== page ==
Meningitis death prompts vaccination warning for men who have sex with men


The death of a Ramsey County man prompted a public health warning in Minnesota aimed at men who have sex with men.

State health officials are urging men who have sex with men (often shortened to MSM) to be vaccinated as soon as possible for meningococcal meningitis, after the Ramsey County resident because infected with and died from the disease.

In a news release, Minnesota Department of Health officials say they are concerned about possible connections between the victim and an ongoing outbreak of disease, though no direct connection has yet been found.

The release says the man in his 40s, who is known to have had sex with men, died in the past week from the disease, which caused by bacteria that progresses rapidly and can be fatal in about 10-15 percent of cases.

His condition was exacerbated by the fact he was also HIV-positive, which placed him at greater risk of developing serious illness from meningococcal meningitis, according to the department.

"We believe that the MSM community in Minnesota may be at increased risk for meningococcal disease," Kristen Ehresmann, director of the infectious disease division at the MDH, said. "We want to try to head off the possibility of an outbreak occurring here, so we strongly encourage all MSM, especially those who are HIV-positive, to go get vaccinated."

Who's most at risk in Minnesota?

Because the outbreak in Chicago has seen seven people infected in the MSM community, of whom one has died, the MDH says those who are most at risk of infection are HIV-infected men who have sex with men.

Also at high risk are men who regularly have close or intimate sexual contact with men met through websites, apps, or at bars or parties.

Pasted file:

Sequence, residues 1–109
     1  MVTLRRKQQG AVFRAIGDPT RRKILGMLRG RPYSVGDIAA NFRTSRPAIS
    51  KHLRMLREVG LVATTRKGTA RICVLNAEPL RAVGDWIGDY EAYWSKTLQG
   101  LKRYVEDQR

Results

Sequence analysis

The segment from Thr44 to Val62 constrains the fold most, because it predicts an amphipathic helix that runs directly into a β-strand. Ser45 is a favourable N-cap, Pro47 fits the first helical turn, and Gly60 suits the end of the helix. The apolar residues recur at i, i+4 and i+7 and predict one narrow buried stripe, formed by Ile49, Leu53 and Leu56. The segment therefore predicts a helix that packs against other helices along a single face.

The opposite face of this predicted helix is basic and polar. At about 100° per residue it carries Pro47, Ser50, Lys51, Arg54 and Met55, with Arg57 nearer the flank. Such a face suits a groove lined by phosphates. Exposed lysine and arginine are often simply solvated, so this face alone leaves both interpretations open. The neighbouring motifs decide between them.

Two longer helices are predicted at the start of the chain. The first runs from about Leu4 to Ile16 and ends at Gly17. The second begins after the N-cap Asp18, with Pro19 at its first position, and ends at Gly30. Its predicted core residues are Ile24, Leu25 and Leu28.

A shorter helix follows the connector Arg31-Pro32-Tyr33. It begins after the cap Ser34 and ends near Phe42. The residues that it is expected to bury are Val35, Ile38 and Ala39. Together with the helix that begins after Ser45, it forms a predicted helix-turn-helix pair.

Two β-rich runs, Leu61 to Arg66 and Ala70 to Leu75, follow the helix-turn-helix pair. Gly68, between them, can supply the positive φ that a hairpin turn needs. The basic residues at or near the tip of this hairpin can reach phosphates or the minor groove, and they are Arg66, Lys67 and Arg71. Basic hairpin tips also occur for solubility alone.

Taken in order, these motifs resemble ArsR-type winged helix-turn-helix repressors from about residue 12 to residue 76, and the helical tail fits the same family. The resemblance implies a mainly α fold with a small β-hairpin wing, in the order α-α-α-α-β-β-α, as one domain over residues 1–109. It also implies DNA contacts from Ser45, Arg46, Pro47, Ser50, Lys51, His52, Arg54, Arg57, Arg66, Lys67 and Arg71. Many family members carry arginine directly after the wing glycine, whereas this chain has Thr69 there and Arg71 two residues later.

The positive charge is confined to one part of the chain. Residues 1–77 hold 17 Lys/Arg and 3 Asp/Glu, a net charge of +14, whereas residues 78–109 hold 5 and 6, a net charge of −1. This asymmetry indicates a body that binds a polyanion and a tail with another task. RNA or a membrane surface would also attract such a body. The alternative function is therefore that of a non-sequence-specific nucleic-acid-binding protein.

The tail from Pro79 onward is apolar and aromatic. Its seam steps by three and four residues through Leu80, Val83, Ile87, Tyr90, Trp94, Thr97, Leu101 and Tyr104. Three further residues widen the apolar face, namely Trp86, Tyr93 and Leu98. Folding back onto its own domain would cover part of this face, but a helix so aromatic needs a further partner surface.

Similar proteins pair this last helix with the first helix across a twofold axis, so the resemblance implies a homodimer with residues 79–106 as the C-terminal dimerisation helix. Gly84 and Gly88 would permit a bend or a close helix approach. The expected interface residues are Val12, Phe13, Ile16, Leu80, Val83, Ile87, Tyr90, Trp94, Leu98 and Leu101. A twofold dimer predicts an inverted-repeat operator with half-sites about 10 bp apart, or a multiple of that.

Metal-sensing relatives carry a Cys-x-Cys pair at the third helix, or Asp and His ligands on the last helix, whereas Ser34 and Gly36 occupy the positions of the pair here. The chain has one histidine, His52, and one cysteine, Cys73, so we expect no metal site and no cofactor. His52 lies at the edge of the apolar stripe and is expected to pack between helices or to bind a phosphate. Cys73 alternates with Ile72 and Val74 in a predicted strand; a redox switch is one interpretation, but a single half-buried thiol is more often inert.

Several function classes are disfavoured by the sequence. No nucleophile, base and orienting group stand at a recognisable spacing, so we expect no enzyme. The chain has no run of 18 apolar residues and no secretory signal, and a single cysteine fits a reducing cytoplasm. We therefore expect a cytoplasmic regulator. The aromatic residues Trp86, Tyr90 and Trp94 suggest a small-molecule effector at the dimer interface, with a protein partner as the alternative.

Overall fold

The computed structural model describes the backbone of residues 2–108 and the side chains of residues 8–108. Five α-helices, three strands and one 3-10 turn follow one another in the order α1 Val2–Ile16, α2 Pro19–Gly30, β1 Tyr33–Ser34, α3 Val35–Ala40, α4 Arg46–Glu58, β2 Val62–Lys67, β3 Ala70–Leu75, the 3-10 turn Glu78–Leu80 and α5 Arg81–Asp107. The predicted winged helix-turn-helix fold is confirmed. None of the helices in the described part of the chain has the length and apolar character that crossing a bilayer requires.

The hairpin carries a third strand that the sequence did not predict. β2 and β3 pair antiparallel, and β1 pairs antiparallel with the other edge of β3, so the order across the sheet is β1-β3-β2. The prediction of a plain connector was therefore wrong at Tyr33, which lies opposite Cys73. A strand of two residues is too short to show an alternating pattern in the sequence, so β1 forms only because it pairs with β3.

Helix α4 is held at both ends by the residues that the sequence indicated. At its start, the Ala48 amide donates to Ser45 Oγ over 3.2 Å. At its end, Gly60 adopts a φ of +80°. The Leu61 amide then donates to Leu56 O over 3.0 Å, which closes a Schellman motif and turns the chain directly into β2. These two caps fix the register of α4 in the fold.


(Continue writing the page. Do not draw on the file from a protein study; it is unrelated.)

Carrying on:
They are being advised to see their doctor of go to a vaccination clinic to get a quadrivalent meningococcal vaccination, which covers the bacteria (serogroup C Neisseria meningitidis) currently causing the outbreak.

The disease is transmitted through close personal contact in small droplets of saliva or nasal secretions, with those who have it contracting it through kissing, drinking directly from the same container, sharing smoking materials or through other contact with nose or throat secretions.

What is meningococcal meningitis?

According to WebMD, it is a "rare but serious infection" that causes the membranes that cover the brain and spinal cord to become inflamed.

It affects around 1,000 people in the U.S. every year and can be fatal or cause serious complications without quick treatment, with the Centers for Disease Control saying around 15 percent of those who survive can be left with disabilities including deafness or brain damage.

The most common symptoms of the disease are sudden high fever, a severe and persistent headache, neck stiffness, nausea and vomiting, a discomfort with bright light, drowsiness, joint pain, and confusion.

WebMD said that a "reddish or purple" skin rash that doesn't turn white when a glass is pressed against it is another important sign to watch for, as the disease can cause blood poisoning.

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